Tuesday, December 20, 2016

New Borrowdale guidebook:The future is now?



The new Fell and Rock Club’s Borrowdale guidebook has created a bit of a brouhaha in the climbing world on account of it following the commercial ‘greatest hits’ guidebook formula and producing a work that is big in size, big in price (£26.50)! but small in content. In fact compared to the 2000 guide, the latest ‘rucksack size’ jumbo edition has lost over 500 routes! And not just routes but entire crags have been banished from print and sentenced to remain in fading print or hidden in historical Internet files for all eternity. Unless by some miracle, future climbers suddenly rediscover the adventure bug, turns their backs on the indoor wall, the bouldering circuit and the sports routes and go up country once again.

In the Lakes as here in North Wales, trad climbing as we know it, has been dying a slow death for decades. Hundreds of crags, more especially in remoter areas like Mid Wales or the Carneddau, have disappeared under vegetation. Even on relatively popular crags which sport once classic routes,  the majority of these routes have to be regularly gardened back to life by a handful of enthusiasts who nevertheless, appear to be fighting a losing battle.The irony is, there are probably more climbers active today than in its perceived golden age which in itself is subject to debate but could be seen as the post war decades until the new century.

For myself as someone who after completing many of the north and mid Wales classics, gravitated towards the unexplored back of beyond crags which offered rich new routing potential, it is hard to understand why any climber would forgo these quiet pleasures. The delight which comes from peeling back the green mantle which encases pale rock. Revealing a sinuous line which disappears into the blue sky.When a new route finally ‘goes’, there’s no feeling like it. I was telling the Lakeland climber Paul Ross-who appears underwhelmed by the new guidebook as it happens- about the routes I’d done in the Arenigs. In common with most routes done there, almost certainly never repeated. Paul said of his hundreds, if not thousands of new routes both here in in the US, that he wasn’t at all bothered if they were never repeated because the pleasure was in the adventure. In pushing the envelope as far as he could and if it all clicked into place, brilliant!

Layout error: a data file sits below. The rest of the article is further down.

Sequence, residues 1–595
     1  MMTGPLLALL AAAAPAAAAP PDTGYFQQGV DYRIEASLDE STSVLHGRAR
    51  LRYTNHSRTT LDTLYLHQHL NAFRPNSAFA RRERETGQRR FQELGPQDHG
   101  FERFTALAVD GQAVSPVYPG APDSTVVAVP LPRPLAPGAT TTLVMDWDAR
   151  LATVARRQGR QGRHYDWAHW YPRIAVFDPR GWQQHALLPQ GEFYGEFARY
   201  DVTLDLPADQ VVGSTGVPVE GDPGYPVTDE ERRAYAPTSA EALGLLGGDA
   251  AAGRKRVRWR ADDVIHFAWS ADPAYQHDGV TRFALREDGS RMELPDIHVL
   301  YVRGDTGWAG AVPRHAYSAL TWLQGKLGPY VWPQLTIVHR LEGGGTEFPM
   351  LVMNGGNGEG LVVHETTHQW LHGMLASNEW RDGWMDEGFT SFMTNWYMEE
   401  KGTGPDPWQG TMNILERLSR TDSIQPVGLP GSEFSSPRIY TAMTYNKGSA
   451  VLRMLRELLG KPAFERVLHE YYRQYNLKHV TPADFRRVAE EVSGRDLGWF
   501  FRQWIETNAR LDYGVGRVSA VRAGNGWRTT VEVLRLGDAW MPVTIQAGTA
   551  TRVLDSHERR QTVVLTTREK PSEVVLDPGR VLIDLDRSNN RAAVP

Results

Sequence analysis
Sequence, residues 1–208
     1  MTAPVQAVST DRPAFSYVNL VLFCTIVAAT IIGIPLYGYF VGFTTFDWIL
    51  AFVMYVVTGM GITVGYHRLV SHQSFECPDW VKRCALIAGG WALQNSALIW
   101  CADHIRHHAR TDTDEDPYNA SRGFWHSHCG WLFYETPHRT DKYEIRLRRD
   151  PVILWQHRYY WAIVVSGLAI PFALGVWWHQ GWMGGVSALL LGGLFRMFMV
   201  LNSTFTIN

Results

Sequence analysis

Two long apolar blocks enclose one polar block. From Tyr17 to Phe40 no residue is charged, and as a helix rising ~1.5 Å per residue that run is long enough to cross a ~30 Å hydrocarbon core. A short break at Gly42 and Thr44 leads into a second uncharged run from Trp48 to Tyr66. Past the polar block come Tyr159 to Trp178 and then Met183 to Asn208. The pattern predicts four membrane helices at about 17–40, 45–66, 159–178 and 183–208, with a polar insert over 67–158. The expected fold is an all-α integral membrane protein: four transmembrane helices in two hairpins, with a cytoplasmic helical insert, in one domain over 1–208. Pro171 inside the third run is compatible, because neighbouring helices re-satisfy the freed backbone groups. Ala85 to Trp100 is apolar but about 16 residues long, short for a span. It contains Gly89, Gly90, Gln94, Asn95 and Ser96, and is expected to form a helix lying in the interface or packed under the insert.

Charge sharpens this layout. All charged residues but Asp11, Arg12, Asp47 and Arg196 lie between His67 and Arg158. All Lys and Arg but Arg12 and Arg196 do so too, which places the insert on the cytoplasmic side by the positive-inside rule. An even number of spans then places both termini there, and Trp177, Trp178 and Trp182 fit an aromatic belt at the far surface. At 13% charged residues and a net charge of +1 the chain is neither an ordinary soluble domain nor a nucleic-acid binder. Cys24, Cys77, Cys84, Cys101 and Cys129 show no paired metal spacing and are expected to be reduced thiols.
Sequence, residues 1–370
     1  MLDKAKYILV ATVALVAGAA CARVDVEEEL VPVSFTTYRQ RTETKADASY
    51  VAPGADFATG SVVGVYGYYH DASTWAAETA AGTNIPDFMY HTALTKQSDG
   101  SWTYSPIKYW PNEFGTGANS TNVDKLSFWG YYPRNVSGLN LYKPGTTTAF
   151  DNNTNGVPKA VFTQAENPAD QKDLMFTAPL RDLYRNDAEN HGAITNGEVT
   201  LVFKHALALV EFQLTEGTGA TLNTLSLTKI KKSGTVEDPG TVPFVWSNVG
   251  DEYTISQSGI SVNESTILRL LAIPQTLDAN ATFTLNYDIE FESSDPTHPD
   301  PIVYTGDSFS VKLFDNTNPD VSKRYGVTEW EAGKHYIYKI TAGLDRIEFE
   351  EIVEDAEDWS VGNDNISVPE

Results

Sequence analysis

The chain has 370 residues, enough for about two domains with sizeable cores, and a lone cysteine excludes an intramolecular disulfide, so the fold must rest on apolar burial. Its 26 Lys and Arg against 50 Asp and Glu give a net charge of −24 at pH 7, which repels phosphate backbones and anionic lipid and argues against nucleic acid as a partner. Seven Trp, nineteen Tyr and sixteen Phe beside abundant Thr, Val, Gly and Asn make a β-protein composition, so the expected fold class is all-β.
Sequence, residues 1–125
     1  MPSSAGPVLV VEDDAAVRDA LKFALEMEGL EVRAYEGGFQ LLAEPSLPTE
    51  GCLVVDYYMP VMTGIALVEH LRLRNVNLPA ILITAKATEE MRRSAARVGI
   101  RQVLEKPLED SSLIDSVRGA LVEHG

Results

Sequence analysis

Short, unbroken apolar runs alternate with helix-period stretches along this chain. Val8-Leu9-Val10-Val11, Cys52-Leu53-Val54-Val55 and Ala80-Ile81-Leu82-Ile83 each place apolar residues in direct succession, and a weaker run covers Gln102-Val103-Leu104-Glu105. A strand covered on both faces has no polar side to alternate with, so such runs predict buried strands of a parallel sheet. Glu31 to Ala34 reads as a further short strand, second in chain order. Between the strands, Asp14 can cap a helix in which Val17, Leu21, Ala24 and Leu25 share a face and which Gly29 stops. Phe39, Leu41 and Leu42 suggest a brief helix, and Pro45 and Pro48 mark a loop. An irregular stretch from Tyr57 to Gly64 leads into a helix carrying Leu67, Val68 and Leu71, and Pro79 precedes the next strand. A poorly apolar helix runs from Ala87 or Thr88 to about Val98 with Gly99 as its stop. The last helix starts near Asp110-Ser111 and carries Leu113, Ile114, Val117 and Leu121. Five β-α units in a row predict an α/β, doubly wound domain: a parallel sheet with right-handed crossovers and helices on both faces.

Whatever the climbers’ motivation, the fact remains that our traditional climbs and crags are disappearing fast. When popular crags like Tremadog require BMC organised crag cleaning days then what hope is there for Arenig’s Ddaer Fawr or Buttermere’s Sheepbone Buttress? As for guidebooks; the demand these days is towards providing details of those still popular crags with a limited selection of what are considered the crags best routes. These are inevitably a handful of two and three star routes with unstarred and single starred routes left out.  What we are left with are guides like the current Borrowdale Bumper fun book. Except it isn’t really that 'Bumper’- apart from the format and eye watering price tag!

In truth, trad climbing as we know it, seems to have gone beyond the point of no return. An activity which once was seen as the very heart and soul of rock climbing, increasingly the lonely preserve of the dwindling band of greybeards. Lugging their old Karrimor sacks over arthritic shoulders and following faint paths into high cwms. Where only ravens and the odd stray sheep remain. Climbing’s desert island castaways.

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